Stay true to your words

Advertising slogans can change perceptions when they incorporate a branding message, others simply blend into the background

‘The slogan is dead.’ Or so I was told by someone doing the job I used to do. I am wary of such pronouncements. In the past decade I have been appraised of the demise of advertising copy, jingles, print. Reports of the slogan’s death, as Mark Twain would say, and www.adslogans.co.uk confirm, are greatly exaggerated.

A slogan needs to be short, simple, distinctive and identifiable. An art director colleague described what it should be like: ‘not a highly polished pebble but a burr’. Clinging to our person should be a thought, an image, a flash of wit or a relevant pun. The sloganeer uses various devices: rhyme, rhythm, alliteration, assonance. These help to fix the phrase in the memory and, ideally, lock in the brand name. One simple way to do this is to incorporate the brand name within the slogan. This, however, is too obvious for some of the sophisticates.

An ad should pass a two-way identity test: describe it to friends and see if they can name the brand; and mention the name to other friends and see if they can describe the ad. Some memorable ads do not score well. For example, the Joan Collins/ Leonard Rossiter campaign for… Martini? Cinzano?; and the line that went into the language ‘I’m only here for the beer’. But which beer? It was Double Diamond – in the 1970s. In previous years they used the line ‘A Double Diamond works wonders’ sung to the tune of ‘There’s a hole in my bucket’. Old-fashioned? Yes. But one thing old-fashioned advertisers did was brand.

• That’s Shell that was!

• Player’s Please

• My goodness! My Guinness!

• Did you Maclean your teeth today?

• Beans means Heinz

• Murray Mints – too-good-to-hurry mints.

Asking a friend which brand any of those is advertising is akin to asking who wrote Beethoven’s Fifth.

Most of today’s slogans seem shy, retiring things, polite and apologetic. Do you know to which brands these current lines belong? (Answers below)

a) Because life doesn’t stop

b) Keep your’s busy

c) Fun anyone?

d) How are you?

e) Shift expectations

f) The pursuit of dreams.

Compare those with their contemporaries: ‘For everything else there’s Mastercard’, ‘My mate Marmite’ (as in-your-face as ‘You’ve been Tangoed’) and ‘Intel Inside’. Intel also registers the name musically with what is today termed a ‘sonic brand trigger’ (or a very short jingle). The Danone two-note sign-off is another example.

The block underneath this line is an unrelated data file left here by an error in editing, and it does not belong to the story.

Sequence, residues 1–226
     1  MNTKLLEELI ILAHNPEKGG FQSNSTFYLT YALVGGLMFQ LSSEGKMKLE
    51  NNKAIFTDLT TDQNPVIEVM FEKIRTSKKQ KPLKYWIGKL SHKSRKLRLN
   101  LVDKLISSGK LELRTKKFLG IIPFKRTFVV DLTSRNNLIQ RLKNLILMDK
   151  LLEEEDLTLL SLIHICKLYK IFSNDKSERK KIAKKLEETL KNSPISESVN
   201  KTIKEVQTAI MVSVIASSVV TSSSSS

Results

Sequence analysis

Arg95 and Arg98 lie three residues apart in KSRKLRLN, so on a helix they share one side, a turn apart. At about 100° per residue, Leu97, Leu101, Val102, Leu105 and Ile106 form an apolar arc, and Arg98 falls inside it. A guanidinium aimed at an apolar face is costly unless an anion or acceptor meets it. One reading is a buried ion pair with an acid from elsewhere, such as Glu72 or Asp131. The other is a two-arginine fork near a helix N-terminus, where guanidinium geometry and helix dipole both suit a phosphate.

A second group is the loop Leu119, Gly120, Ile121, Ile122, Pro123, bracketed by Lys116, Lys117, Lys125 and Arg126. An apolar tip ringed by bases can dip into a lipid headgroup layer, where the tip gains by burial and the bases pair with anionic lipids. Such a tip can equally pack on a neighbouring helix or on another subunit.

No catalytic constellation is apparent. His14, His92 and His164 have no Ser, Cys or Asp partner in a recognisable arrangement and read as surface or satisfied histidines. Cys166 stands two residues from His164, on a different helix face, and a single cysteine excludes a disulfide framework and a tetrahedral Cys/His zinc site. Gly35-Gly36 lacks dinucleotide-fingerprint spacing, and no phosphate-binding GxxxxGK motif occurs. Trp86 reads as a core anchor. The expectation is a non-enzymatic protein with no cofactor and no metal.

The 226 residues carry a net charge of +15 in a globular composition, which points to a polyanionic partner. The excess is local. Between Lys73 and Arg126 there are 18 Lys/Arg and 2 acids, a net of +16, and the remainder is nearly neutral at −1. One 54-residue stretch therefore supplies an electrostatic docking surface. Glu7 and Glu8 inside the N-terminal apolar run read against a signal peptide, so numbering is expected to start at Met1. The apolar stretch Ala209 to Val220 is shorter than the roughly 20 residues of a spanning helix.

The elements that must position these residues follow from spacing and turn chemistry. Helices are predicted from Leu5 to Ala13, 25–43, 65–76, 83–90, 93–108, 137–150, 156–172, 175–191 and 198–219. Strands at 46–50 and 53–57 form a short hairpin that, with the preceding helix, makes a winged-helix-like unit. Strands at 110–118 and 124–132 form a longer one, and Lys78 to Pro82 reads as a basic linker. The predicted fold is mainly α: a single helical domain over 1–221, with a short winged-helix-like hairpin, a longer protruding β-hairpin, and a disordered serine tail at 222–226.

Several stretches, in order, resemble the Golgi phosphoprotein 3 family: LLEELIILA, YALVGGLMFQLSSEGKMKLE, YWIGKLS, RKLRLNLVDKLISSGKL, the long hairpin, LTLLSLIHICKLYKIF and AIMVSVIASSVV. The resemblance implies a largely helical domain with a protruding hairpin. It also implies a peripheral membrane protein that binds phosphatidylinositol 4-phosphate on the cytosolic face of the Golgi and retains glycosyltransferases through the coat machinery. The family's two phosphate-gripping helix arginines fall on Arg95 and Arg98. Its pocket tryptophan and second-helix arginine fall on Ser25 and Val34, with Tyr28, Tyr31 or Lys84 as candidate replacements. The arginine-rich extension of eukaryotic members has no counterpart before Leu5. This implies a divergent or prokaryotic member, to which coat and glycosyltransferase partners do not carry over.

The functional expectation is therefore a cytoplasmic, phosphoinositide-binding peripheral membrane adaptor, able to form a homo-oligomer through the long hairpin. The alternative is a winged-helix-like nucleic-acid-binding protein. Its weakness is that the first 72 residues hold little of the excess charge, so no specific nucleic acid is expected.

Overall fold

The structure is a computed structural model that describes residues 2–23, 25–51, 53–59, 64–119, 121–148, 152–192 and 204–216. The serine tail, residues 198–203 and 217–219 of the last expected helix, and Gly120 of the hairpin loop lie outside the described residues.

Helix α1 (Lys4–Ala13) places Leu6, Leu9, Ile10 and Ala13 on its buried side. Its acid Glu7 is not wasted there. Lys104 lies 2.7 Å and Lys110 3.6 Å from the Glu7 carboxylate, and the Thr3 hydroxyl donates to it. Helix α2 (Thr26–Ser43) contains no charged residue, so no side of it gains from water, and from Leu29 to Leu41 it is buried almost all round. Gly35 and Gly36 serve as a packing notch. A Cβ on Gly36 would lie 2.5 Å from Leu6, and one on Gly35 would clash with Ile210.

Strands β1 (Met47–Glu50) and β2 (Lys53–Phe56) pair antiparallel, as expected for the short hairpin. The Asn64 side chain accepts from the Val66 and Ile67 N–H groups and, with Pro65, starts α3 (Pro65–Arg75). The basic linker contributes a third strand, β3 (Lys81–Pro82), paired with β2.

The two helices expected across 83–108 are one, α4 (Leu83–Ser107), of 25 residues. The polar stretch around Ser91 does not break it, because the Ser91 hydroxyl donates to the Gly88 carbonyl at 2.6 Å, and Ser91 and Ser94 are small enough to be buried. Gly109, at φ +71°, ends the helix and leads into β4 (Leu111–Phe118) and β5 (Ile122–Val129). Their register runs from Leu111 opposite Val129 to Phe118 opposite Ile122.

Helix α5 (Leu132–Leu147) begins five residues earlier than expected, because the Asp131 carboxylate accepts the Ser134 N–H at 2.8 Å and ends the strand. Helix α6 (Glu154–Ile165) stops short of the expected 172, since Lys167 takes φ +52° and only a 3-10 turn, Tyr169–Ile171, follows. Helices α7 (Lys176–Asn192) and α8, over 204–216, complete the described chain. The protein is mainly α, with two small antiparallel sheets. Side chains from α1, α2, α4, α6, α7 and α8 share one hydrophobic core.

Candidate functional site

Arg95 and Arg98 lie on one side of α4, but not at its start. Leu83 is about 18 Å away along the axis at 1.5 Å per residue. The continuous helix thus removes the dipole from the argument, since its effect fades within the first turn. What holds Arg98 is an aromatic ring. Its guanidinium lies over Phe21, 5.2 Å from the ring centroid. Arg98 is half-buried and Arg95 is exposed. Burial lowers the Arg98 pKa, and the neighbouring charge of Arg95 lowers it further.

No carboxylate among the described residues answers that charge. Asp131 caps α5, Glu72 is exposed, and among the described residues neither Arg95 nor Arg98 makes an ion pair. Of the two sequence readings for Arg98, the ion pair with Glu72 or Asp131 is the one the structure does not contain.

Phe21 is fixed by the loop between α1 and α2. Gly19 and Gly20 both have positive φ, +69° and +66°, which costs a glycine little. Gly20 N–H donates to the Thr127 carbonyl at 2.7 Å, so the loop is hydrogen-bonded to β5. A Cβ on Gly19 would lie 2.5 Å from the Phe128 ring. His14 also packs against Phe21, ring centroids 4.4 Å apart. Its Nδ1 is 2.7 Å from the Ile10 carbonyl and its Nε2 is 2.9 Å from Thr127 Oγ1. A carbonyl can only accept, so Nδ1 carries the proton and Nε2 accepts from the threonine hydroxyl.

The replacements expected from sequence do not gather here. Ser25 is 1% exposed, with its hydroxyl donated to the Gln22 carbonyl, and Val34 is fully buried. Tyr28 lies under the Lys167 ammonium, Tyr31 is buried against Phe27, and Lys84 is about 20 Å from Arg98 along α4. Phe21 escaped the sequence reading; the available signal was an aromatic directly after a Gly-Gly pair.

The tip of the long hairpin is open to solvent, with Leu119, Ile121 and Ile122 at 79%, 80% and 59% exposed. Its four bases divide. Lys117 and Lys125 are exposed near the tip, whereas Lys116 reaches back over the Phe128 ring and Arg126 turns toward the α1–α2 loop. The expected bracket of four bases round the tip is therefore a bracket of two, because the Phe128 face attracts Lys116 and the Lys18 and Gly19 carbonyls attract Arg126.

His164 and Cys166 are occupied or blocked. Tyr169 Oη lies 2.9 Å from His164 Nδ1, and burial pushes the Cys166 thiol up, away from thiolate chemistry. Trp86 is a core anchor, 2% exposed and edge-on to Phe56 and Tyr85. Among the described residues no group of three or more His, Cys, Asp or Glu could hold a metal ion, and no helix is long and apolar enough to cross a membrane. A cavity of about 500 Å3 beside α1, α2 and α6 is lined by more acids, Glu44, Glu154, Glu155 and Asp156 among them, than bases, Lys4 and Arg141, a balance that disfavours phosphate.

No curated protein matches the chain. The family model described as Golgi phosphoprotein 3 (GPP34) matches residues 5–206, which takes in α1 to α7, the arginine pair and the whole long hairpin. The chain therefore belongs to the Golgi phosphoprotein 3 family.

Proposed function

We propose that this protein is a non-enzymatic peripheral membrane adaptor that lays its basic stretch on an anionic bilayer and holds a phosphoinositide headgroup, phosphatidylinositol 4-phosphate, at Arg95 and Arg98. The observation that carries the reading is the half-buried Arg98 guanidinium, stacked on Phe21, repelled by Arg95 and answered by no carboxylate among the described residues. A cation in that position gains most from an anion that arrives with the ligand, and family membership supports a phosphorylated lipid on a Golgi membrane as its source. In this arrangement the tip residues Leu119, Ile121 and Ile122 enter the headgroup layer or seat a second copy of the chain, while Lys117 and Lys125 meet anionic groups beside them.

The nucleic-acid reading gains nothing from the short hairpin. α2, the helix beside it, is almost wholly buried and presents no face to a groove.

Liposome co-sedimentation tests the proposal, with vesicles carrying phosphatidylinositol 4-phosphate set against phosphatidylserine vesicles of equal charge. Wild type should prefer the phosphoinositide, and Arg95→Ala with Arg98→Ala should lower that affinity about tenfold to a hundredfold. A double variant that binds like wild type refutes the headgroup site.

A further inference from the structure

One brand that never lets you forget its name is Skoda. Before 1999 what people could not forget was its image. The marque was the butt of jokes. ‘Fiat and Skoda are working together on a new car. It’s called the Fiasko.’ But in the real world the partner is Volkswagen, which knows a thing or two about changing perceptions. Skoda originally had a good name: VW aimed to restore it.

If only the burghers of Bolton would do the same. There is a move to rebrand the town Bolton le Moors. A brand or locality can change significantly without changing its name. Tesco has changed. Islington has changed. Peckham is transforming itself. No question there of a bolt-on solution.

The Skoda turnaround is happening apace. The company and its UK agency Fallon grasped the nettle of perception and made of it a virtue. They confronted the public with the facts, showed the car and said, ‘It’s a Skoda. Honest.’ The slogan can work even when the turnaround is complete and the name is no longer a problem, conveying not surprise, but reassurance of build quality.

Interestingly, the parent company is not known for slogans. Though the classic Beetle headlines – ‘Think small’, ‘Lemon’, ‘Mass Transit’ and so on – short, sharp, cutting, were sloganesque, VW eschewed the use of a conventional summing-up of the brand’s promise in each ad. Yet each ad was branded by the tone of voice, the philosophy, the look. Branding was designed in. Similarly, the brand must be designed into the slogan. Check the origin of the word in the dictionary. Slogan is Scottish – ‘a clan war-cry’. Not, you note, anybody’s war-cry.

Answers: a) Lemsip Max; b) Virgin Mobile; c) PlayStation; d) Vodafone; e) Nissan; f) HondaPlease e-mail comments for publication in the Letters section to lyndark@centaur.co.uk

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